In fact, per capita GDP – and thus productivity – in a number of Chinese provinces with a combined population of over 100 million is similar to that of advanced countries (around $30,000 per capita at purchasing power parity). Of course, the national average is much lower (about one-half), as overall productivity is much lower, and the Chinese authorities have to calibrate policies for their entire vast country. But, for the outside world, the high-productivity regions are what matters.

If we are to avoid further escalation of tensions, the West and China must acknowledge each other’s perspectives. Ultimately, however, foreign pressure will have little effect on China’s massive and powerful economy. The real question for China lies at home: Do enduring distortions and barriers to investment really serve the development of the country’s lagging provinces?

In the past, it might have made sense to protect the nascent industries in the coastal regions from foreign competition. Today, however, China’s protectionist regime does little to help nascent industries in the poor interior, because their biggest competitors are no longer foreign companies, but rather firms from the dynamic coastal areas. This implies that China must rethink its very development strategy. And to do that, the last thing policymakers need is an ongoing trade war.


Copyright: Project Syndicate, 2018.

www.project-syndicate.org


 

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Following reverse listing, public can now acquire shareholding in Paratus Namibia

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20 February 2020, Windhoek, Namibia: Paratus Namibia Holdings (PNH) was founded as Nimbus Infrastructure Limited (“Nimbus”), Namibia’s first Capital Pool Company listed on the Namibian Stock Exchange (“NSX”).

Although targeting an initial capital raising of N$300 million, Nimbus nonetheless managed to secure funding to the value of N$98 million through its CPC listing. With a mandate to invest in ICT infrastructure in sub-Sahara Africa, it concluded management agreements with financial partner Cirrus and technology partner, Paratus Telecommunications (Pty) Ltd (“Paratus Namibia”).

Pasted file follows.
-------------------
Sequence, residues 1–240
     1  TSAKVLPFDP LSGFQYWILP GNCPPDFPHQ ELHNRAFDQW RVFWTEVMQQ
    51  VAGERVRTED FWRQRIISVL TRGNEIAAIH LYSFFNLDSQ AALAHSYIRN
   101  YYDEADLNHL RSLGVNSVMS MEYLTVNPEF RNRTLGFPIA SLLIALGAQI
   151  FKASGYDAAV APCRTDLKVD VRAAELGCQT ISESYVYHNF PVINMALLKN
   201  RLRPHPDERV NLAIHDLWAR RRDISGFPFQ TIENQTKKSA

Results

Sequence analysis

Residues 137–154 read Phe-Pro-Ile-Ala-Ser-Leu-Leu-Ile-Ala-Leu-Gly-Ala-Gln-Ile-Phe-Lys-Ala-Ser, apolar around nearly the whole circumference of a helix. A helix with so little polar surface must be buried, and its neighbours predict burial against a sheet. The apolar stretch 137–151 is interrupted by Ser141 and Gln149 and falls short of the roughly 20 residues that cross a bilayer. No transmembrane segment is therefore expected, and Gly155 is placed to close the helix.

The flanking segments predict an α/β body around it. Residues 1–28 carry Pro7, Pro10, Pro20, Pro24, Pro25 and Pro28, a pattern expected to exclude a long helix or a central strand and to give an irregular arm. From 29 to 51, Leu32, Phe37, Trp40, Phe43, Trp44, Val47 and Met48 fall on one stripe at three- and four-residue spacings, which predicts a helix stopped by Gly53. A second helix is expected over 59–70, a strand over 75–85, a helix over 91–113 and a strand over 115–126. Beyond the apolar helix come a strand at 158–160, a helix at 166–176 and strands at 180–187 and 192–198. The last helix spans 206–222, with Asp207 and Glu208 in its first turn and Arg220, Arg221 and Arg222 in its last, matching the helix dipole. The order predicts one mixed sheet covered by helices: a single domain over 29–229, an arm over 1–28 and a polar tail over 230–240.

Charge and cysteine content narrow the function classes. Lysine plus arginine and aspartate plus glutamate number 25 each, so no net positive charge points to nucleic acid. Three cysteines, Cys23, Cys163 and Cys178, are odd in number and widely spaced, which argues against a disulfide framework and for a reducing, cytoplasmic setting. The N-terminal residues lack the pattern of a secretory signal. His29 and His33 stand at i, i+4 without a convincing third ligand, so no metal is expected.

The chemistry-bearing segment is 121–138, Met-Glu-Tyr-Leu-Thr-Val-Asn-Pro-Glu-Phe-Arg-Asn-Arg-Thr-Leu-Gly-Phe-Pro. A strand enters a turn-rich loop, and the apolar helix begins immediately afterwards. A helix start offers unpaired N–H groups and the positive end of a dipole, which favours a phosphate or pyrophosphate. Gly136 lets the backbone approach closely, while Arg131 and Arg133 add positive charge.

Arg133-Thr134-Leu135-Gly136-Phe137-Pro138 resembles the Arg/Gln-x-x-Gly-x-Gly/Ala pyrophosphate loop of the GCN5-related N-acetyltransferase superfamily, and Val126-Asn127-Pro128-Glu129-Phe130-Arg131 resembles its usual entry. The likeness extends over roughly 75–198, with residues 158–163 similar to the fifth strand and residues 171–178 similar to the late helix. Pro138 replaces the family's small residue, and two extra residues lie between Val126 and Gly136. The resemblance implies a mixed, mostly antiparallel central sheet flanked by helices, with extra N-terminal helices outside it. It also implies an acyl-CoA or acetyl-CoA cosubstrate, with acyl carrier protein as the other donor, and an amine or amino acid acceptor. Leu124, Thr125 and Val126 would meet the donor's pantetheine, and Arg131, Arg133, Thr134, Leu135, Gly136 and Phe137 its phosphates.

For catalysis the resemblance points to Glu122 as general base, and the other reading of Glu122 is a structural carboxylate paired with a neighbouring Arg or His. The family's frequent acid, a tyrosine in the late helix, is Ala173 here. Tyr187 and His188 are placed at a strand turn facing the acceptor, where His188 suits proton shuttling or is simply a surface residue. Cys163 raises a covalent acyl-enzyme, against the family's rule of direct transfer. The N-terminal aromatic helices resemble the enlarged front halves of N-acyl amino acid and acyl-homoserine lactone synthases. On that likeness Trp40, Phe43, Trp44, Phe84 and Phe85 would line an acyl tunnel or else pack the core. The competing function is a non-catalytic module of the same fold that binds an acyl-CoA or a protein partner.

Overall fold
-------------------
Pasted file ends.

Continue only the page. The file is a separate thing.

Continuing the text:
Paratus Namibia Managing Director, Andrew Hall

Its first investment was placed in Paratus Namibia, a fully licensed communications operator in Namibia under regulation of the Communications Regulatory Authority of Namibia (CRAN). Nimbus has since been able to increase its capital asset base to close to N$500 million over the past two years.

In order to streamline further investment and to avoid duplicating potential ICT projects in the market between Nimbus and Paratus Namibia, it was decided to consolidate the operations.

Publishing various circulars to shareholders, Nimbus took up a 100% shareholding stake in Paratus Namibia in 2019 and proceeded to apply to have its name changed to Paratus Namibia Holdings with a consolidated board structure to ensure streamlined operations between the capital holdings and the operational arm of the business.

This transaction was approved by the Competitions Commission as well as CRAN, following all the relevant regulatory approvals as well as the necessary requirements in terms of corporate governance structures.

Paratus Namibia has evolved as a fully comprehensive communications operator in Namibia and operates as the head office of the Paratus Group in Africa. Paratus has established a pan-African footprint with operations in six African countries, being: Angola, Botswana, Mozambique, Namibia, South Africa and Zambia.

The group has achieved many successes over the years of which more recently includes the building of the Trans-Kalahari Fibre (TKF) project, which connects from the West Africa Cable System (WACS) eastward through Namibia to Botswana and onward to Johannesburg. The TKF also extends northward through Zambia to connect to Dar es Salaam in Tanzania, which made Paratus the first operator to connect the west and east coast of Africa under one Autonomous System Number (ASN).

This means that Paratus is now “exporting” internet capacity to landlocked countries such as Zambia, Botswana, the DRC with more countries to be targeted, and through its extensive African network, Paratus is well-positioned to expand the network even further into emerging ICT territories.

PNH as a fully-listed entity on the NSX, is therefore now the 100% shareholder of Paratus Namibia thereby becoming a public company. PNH is ready to invest in the future of the ICT environment in Namibia. The public is therefore invited and welcome to acquire shares in Paratus Namibia Holdings by speaking to a local stockbroker registered with the NSX. The future is bright, and the opportunities are endless.